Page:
So instead of bashing heads to drive an insolvent construct and reap nothing but bitterness and failure, global diplomacy ought to take a close look at some unconventional, substitute visions of the Israeli-Palestinian future.
GENERAL EILAND has done just that. He begins by reviewing the current failures.
“All the current proposals for a permanent or interim solution have three basic claims in common, each of which requires re-thinking: that a solution to the problem is restricted (geographically) to the territory between the Jordan River and the Mediterranean Sea; that the solution lies in the establishment of an independent Palestinian state; and that the West Bank and Gaza will form a single political entity in any solution. These three assertions have confined the discussion to a narrow space and prevented a real discussion that starts afresh and examines all possibilities for a solution to the conflict without preconceived notions.”
“What remains certain is that the disadvantages of the currently-envisioned two-state paradigm outweigh its advantages in the eyes of the combatants. As thus, it has run its course.”
General Eiland proceeds to propose “regional solutions” and multi-party land swaps which positively change the cost-benefit calculus for the principal parties. He suggests three- or four-way land swaps involving Egypt and Jordan; shared sovereignty in the West Bank; renewed consideration of a Palestinian-Jordanian federation; and ideally a combination of all these approaches.
By widening the circle of actors taking part in a settlement, Eiland sees a way to “transform the current deadlock from a zero-sum situation to a win-win scenario.”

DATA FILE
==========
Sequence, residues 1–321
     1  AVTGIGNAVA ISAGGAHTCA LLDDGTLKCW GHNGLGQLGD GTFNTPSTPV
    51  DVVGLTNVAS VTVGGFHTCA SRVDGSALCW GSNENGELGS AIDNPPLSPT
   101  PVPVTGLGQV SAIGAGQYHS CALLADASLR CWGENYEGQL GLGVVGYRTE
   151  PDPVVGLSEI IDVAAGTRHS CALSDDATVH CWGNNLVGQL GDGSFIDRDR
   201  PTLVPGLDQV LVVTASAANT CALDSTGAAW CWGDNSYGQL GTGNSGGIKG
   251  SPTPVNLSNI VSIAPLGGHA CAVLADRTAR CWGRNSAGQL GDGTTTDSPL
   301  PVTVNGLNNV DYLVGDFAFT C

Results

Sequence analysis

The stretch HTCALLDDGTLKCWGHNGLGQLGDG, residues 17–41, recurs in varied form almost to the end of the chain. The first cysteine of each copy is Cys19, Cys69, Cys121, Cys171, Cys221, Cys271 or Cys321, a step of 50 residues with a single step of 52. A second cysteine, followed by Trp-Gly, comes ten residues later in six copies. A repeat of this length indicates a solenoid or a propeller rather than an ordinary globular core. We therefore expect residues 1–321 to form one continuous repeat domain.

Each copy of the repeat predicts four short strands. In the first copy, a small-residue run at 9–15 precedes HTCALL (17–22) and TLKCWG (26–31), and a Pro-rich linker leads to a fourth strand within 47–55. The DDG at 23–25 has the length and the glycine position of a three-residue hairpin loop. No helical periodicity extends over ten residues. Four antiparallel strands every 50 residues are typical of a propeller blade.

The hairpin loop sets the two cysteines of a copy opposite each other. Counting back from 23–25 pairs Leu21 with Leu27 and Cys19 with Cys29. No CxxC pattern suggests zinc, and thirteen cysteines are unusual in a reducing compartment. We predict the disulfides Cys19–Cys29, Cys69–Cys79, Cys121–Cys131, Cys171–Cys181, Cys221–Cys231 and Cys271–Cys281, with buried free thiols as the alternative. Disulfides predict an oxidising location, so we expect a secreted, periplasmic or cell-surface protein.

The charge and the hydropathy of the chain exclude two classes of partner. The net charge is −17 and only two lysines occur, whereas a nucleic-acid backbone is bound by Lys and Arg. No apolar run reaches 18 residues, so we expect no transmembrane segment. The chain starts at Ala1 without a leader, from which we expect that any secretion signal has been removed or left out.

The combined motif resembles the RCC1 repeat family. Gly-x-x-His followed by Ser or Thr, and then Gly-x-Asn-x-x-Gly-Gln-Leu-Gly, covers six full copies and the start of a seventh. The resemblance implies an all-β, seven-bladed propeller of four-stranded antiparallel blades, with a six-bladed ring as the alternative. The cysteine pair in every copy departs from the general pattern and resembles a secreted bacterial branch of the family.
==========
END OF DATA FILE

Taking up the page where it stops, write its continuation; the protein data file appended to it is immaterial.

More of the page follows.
He envisions Arab states taking responsibility for solving the conflict and investing concrete, tangible resources in the solution – which is exactly what General Sisi has just offered to do.
Echoes of Eiland’s thinking can be found in Yesh Atid leader Yair Lapid’s recent calls for leveraging the shifting broader regional context and the new-found commonality of interests between Israel and some major Arab actors – in order to tackle shared macro challenges such as the threats of Iranian and Palestinian irredentism.
AS LONG AS the Israeli Left remains wedded to the narrow two-state paradigm, peace will remain elusive. As long as diplomats treat the Palestinian demand for a full-fledged state on the 1967 lines as absolute revealed truth, there will be no resolution of the conflict. As long as the Europeans and the automatic totalitarian majority at the United Nations repeatedly ratify such contrived and stale constructs, no security or stability will emerge here.
Unfortunately, most world leaders have spent the past generation building-up and inflating Palestinian expectations. Consequently, Palestinian demands haven’t been modified or moderated since the advent of the Oslo process; in fact, they have hardened and radicalized. All creative thinking about alternative, moderate solutions to the Palestinian-Israeli conflict has been shut down.
Moving beyond this requires third-party diplomatic leadership, a mindset shift, and capitalization on the right political opportunities. Egypt under Sisi may see the need for new “regional” solutions to the Israeli-Palestinian conflict. Might such clarity of vision and bold thinking be possible in Washington as well?